Western democracy has many attractive features and has brought manifold benefits. It takes no intelligence to recognise that it also has its dark side and that it cannot, nor necessarily ought it to be, exported to all parts of the world. If the optimistic statements made by some British and US politicians before the Iraqi war - when it was stated that the conflict would be concluded in weeks - were truly believed then one can only despair at the level of understanding demonstrated. more

Tuesday, November 22, 2005

6,644 are still missing after Katrina; toll may rise

From yahoo

The whereabouts of 6,644 people reported missing after Hurricane Katrina have not been determined, raising the prospect that the death toll could be higher than the 1,306 recorded so far in Louisiana and Mississippi, according to two groups working with the federal government to account for victims.

Most of those who remain listed as unaccounted-for 12 weeks after the storm probably are alive and well, says Kym Pasqualini, chief executive officer of the National Center for Missing Adults. She says they are listed as missing because government record-keeping efforts haven't caught up with them in their new locations. more

"I Hadn't the Slightest Idea of the Scale of Genocide"

Text via Der Spiegel

Sixty years ago on Sunday, the Nuremberg War Crimes Trial got under way to bring leading Nazis to justice. Whitney Harris was one of the principle figures for the prosecution. SPIEGEL ONLINE spoke with him about Auschwitz commandant Rudolf Höss, the emotional scars left behind by the trial, and the United States of today.

SPIEGEL ONLINE: In 1945 when you began collecting evidence for the prosecution of Nazi war criminals, you had nothing more than a used typewriter, a German secretary and a lot of good will. Were you not overwhelmed by the huge responsibility of bringing charges against the former Nazi leaders?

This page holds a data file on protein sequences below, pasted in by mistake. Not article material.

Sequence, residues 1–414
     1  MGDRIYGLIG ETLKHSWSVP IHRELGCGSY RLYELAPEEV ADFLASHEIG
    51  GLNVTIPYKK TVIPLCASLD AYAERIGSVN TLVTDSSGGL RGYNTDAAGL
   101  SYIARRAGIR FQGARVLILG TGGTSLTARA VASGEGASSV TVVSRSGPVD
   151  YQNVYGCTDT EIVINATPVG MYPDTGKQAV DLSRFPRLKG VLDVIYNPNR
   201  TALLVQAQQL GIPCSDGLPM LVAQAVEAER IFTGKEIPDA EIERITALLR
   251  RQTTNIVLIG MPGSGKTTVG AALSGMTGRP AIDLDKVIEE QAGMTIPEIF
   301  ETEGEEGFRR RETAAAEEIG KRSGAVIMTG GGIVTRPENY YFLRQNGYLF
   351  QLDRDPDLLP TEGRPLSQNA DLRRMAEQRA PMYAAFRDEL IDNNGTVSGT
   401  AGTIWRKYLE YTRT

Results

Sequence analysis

Harris: The whole court case was a huge challenge. I was assigned to the case of Ernst Kaltenbrunner, meaning I had to investigate the murder of millions of Jews. Kaltenbrunner took over from Reinhard Heydrich as the head of Reich security and was in charge of tens of thousands of Gestapo agents, police and security forces. more

"Criminal Obsessions" - Jean Comaroff

Text via wood s lot

Real audio lecture: "This lecture explores the central place of crime in the popular imaginings, and practical lives, of South Africans after apartheid. While acknowledging that there is a significant material reality to such trauma, the paper suggests that much more is at stake: that crime and policing are key domains in which order, citizenship, race and the state are deliberated in the wake of liberation and liberalization. Above all, crime and policing are a sphere of melodrama in which state and nation construct each other—the state to assert its presence and authority upon a populace increasingly skeptical of its capacity to serve and protect. The discussion explores various forms of state theater and ritual, challenging Foucault's notion that modern power represents a move from theatrics to routine." more